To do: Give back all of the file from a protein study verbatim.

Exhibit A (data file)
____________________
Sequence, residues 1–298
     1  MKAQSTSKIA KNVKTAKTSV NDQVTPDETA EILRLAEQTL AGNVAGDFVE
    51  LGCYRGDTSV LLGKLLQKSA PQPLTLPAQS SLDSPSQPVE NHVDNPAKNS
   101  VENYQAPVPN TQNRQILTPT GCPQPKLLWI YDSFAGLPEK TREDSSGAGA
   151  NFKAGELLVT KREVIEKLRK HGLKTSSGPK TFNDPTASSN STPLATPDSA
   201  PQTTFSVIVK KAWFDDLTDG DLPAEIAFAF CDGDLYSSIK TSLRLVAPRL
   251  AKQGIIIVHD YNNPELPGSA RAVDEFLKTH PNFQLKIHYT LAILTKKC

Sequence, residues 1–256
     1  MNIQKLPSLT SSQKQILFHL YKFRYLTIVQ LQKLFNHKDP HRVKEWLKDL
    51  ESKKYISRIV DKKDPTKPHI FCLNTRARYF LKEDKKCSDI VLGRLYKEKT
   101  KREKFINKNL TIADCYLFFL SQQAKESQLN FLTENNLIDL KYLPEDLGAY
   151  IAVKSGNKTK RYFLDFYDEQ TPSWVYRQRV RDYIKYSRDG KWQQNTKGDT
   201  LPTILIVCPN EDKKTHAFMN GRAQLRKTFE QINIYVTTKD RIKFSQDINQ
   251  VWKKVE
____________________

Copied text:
Sequence, residues 1–298
     1  MKAQSTSKIA KNVKTAKTSV NDQVTPDETA EILRLAEQTL AGNVAGDFVE
    51  LGCYRGDTSV LLGKLLQKSA PQPLTLPAQS SLDSPSQPVE NHVDNPAKNS
   101  VENYQAPVPN TQNRQILTPT GCPQPKLLWI YDSFAGLPEK TREDSSGAGA
   151  NFKAGELLVT KREVIEKLRK HGLKTSSGPK TFNDPTASSN STPLATPDSA
   201  PQTTFSVIVK KAWFDDLTDG DLPAEIAFAF CDGDLYSSIK TSLRLVAPRL
   251  AKQGIIIVHD YNNPELPGSA RAVDEFLKTH PNFQLKIHYT LAILTKKC

Sequence, residues 1–256
     1  MNIQKLPSLT SSQKQILFHL YKFRYLTIVQ LQKLFNHKDP HRVKEWLKDL
    51  ESKKYISRIV DKKDPTKPHI FCLNTRARYF LKEDKKCSDI VLGRLYKEKT
   101  KREKFINKNL TIADCYLFFL SQQAKESQLN FLTENNLIDL KYLPEDLGAY
   151  IAVKSGNKTK RYFLDFYDEQ TPSWVYRQRV RDYIKYSRDG KWQQNTKGDT
   201  LPTILIVCPN EDKKTHAFMN GRAQLRKTFE QINIYVTTKD RIKFSQDINQ
   251  VWKKVE